1.2 Pollutants and bioaccumulation
The term ‘pollutant’ is a very wide-ranging term. When the introduction or action of something into any environment causes harm, it is considered a pollutant. This could be a harmful chemical such as smoke from a chimney, or it could be a more subtle and transient effect such as floodlights at an evening football match preventing stargazing.
There are many examples of how society has responded to pollution, such as the removal of lead in petrol, which affected human health, or the banning of chlorofluorocarbons (CFCs), which damaged the ozone layer. In both of these cases (i.e. lead and CFCs), when the pollution source was removed, the levels of them in the environment reduced and consequently so have the effects – albeit with a time delay.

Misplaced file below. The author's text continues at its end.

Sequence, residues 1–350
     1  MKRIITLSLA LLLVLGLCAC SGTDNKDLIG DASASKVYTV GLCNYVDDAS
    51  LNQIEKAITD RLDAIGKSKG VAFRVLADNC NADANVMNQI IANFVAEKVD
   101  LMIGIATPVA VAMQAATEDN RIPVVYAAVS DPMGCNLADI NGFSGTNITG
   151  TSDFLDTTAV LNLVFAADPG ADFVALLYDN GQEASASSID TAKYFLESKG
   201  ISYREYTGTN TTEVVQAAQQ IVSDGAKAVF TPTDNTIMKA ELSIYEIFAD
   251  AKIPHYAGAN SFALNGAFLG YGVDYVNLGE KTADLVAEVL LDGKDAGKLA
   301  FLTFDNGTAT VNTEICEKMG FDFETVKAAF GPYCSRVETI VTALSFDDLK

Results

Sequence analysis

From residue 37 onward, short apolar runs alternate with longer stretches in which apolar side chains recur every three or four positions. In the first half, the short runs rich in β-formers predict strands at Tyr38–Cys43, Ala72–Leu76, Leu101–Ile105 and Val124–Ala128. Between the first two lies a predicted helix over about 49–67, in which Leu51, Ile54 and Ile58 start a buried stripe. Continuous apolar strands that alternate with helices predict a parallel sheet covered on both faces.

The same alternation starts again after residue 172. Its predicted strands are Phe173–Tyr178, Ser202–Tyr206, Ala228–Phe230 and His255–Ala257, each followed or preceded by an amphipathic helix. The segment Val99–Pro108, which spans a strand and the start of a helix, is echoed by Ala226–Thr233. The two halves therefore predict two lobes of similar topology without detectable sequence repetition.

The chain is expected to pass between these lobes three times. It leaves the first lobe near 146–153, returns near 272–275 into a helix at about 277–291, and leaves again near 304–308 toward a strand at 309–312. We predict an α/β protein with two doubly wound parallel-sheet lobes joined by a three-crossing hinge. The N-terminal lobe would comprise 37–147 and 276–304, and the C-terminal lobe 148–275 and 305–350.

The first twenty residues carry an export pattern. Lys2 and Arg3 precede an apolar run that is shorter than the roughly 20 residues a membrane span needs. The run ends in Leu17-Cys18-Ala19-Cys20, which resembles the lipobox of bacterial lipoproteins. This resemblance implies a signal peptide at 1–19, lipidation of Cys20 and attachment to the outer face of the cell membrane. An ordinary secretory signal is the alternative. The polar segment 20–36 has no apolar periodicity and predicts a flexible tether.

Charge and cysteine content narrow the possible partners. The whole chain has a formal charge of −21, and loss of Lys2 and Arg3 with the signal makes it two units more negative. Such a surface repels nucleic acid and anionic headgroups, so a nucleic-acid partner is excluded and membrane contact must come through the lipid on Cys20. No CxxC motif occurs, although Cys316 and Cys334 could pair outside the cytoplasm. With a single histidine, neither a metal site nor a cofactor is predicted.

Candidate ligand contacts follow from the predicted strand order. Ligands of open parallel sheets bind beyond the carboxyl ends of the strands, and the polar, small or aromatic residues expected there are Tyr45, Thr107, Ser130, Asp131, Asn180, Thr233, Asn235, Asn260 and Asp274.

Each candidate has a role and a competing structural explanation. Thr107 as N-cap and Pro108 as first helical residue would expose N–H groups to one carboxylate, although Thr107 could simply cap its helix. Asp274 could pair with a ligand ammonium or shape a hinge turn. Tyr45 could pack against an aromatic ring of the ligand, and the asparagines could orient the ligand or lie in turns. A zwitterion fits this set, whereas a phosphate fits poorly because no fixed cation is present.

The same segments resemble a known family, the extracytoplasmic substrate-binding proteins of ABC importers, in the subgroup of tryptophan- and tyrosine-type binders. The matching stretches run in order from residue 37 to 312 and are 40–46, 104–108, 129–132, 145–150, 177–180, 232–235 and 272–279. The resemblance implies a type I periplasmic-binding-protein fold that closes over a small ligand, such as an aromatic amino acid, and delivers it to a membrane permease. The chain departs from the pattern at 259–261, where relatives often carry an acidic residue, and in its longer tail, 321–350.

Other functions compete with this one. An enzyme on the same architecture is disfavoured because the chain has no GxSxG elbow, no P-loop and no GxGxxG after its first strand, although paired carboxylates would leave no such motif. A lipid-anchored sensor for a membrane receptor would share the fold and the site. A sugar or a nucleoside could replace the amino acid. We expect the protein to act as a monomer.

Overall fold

By definition, persistent pollutants such as PBDEs do not break down, so continued introduction of even minute levels into an environment leads to accumulation and perhaps magnification of potential harm. For example, at a landfill site the PBDE level is likely to increase with time. Animals around that landfill may ingest PBDEs directly, but this bioaccumulation (intake and concentration of the chemical in their tissues) may be so small that it does not cause problems to any particular animal. However, a predator such as a cat might eat dozens of rats that live around the landfill, so it would receive the combined dose that each of these rats had within it. If this dose were subsequently absorbed by the cat, then the resulting accumulated level could be significantly more harmful. This concentration of pollutants at higher levels in the food chain is called biomagnification, and the result is that higher predators can be poisoned and suffer harm while animals at lower levels in the food chain are apparently unaffected.